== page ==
Living Seawall

Volvo Cars, Australia

Issue 48 | September 2018



Creative Team

National Executive Creative Director Chad Mackenzie Creative Director Ronojoy Ghosh Art Director Whitney Moothoo Copywriter Grace O'Brien Digital Art Director Jeremy Frouin Digital Producer Alex Botterill

Production Team

Head of Production Terry Kerr Producer Lisa Macfarlane Cinematographer and Editor Mark Brightwell Designer Jess Tilbrook PPR Media outreach Event activation Maverick Senior Experience Strategist Matt Simms

Other Credits

Group Account Director Justine Leong Senior Account Director Kenneth McLeod Senior Account Manager Alex Sunier Social Media Manager Dominique Tait Client Managing Director Nick Connor Director, Sales and Marketing Stephen Connor Senior Manager, Marketing Julie Hutchinson Events and Sponsorships Supervisor Chelsea Thompson Director, PR and Corporate Greg Bosnich


June 2018


Volvo Cars, Australia, had a relatively small market share, which meant that the brand had to behave differently to other cars in order to get noticed. Not only that, Volvo were aiming to double sales to 10,000 vehicles in 2020.

Because Volvo’s overarching brand philosophy combines innovation with sustainability, the company had become a founding member of the UN Global Compact. They wanted to support the United Nations’ World Environment Day initiative, the theme of which revolved around beating plastic pollution.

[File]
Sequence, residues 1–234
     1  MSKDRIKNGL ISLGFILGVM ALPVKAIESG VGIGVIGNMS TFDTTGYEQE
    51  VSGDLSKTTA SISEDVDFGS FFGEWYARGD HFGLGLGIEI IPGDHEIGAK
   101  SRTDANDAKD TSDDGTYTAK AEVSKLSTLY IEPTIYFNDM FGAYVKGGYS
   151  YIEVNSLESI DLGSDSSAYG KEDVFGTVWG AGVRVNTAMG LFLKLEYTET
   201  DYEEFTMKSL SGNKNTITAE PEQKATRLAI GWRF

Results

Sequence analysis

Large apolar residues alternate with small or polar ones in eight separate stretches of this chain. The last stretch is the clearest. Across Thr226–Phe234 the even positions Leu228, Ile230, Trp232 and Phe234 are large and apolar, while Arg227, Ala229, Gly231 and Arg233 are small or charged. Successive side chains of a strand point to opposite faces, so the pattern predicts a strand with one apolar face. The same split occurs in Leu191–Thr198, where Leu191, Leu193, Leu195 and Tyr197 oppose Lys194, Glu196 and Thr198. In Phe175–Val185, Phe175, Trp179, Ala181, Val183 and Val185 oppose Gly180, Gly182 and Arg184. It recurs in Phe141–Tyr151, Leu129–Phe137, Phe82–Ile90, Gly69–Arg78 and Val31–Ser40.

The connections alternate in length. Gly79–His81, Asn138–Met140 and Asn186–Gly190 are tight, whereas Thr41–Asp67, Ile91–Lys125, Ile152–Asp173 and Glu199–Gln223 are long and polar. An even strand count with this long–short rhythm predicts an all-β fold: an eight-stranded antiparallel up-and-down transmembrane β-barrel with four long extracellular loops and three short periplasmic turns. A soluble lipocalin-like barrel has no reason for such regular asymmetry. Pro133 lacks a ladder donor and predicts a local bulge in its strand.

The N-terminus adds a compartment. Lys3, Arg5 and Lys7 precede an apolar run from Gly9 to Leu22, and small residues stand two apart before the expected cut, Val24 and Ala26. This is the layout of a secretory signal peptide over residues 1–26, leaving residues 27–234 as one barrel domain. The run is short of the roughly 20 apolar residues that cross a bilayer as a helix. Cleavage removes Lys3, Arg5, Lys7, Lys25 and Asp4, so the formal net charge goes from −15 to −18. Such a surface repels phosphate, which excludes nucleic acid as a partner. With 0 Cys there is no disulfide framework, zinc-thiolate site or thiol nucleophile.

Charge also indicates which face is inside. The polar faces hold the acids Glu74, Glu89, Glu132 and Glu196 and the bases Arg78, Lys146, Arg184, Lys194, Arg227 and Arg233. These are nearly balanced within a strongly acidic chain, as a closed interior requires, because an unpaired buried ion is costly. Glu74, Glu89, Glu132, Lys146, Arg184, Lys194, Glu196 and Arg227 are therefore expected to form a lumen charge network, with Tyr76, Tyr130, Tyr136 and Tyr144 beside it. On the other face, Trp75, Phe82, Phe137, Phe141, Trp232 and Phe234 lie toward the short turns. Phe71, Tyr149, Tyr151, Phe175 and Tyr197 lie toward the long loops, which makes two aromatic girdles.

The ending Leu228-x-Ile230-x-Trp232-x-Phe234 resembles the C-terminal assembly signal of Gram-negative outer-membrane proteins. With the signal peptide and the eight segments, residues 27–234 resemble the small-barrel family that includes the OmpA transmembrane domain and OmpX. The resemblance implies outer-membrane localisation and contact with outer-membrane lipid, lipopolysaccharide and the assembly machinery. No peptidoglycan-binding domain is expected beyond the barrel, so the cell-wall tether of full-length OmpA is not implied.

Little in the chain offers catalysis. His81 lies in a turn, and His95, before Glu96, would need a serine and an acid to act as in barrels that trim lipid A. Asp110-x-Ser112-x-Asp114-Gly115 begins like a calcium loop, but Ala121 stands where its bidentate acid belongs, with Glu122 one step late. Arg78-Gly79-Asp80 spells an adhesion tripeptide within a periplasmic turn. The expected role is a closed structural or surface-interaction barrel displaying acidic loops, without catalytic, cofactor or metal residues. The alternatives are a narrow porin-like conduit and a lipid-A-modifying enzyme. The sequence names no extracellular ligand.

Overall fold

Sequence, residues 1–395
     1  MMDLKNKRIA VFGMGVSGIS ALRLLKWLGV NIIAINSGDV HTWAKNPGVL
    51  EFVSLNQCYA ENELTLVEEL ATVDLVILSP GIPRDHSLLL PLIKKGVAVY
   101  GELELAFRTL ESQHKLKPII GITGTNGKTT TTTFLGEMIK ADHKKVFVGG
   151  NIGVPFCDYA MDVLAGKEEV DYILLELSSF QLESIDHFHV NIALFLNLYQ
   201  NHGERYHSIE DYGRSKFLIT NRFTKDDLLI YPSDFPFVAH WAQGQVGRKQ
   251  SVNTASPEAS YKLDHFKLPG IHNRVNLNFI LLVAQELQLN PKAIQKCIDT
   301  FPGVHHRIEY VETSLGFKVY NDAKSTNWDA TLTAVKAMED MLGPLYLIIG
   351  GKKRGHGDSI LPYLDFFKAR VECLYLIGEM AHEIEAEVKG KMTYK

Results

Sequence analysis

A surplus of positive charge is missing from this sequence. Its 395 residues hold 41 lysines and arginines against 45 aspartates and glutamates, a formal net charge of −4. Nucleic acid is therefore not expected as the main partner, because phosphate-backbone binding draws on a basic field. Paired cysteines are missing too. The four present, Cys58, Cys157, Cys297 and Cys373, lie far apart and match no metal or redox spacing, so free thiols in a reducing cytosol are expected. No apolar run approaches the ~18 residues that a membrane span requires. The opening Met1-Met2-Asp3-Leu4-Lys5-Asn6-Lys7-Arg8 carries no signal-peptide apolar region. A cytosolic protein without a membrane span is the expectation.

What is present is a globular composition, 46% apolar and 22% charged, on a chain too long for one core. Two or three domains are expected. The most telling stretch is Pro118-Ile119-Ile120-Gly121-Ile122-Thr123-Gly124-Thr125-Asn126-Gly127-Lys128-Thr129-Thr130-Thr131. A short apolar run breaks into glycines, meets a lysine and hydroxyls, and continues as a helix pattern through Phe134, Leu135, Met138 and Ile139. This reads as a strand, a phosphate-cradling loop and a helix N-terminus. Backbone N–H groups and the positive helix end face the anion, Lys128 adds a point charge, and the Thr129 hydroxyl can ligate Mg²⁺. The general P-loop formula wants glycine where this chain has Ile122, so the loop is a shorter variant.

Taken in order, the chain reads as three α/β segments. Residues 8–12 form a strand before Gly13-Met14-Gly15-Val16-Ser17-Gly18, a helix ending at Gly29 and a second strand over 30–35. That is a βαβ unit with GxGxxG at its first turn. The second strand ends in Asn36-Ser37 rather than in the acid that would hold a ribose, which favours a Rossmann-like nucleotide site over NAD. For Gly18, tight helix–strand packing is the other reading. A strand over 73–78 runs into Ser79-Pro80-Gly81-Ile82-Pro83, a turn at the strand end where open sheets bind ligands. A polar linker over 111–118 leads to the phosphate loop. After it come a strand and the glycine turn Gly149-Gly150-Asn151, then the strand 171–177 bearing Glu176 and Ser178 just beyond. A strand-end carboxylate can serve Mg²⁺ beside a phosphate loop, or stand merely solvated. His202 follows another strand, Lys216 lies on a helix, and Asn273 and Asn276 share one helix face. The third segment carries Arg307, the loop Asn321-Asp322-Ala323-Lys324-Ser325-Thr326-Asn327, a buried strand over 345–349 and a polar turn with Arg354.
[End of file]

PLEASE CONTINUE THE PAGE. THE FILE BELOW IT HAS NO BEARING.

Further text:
In previous years, Volvo had taken part in beach clean-ups but in 2018 wanted to do something bigger and more relevant than just a day.

Working with the Sydney Institute of Marine Sciences, the idea was to create one of the world’s biggest living seawall in Sydney Harbour.

Plastic was recycled into fibres which were mixed with concrete to create tiles 50cm by 50cm which mimicked the root structure of mangrove trees. When attached to existing seawalls, these tiles promoted biodiversity and that helped to improve water quality.


The Living Seawall was unveiled by Volvo at a beach clean event in Rose Bay on World Environment Day. The idea summed up Volvo’s approach to sustainability in general, a brand always trying to rethink, reinvent and redesign for the better.

Our Thoughts

At first, we were a bit dubious about this idea. But then it took hold. Plastic soup has become a major issue of these times and given that Volvo have declared they will remove all single-use plastics from the company’s offices, canteens and events by 2019, there is a synergy. Also, they plan to be entirely carbon-neutral by 2025. So, sustainability is a very real thread in Volvo’s DNA. Creating a safe home for small sea creatures, oysters and fish, is also a very- Volvo thing to do. The PR would certainly have helped get the brand’s values across to exactly the sort of environmentally-aware people Volvo would have identified as their core target audience.

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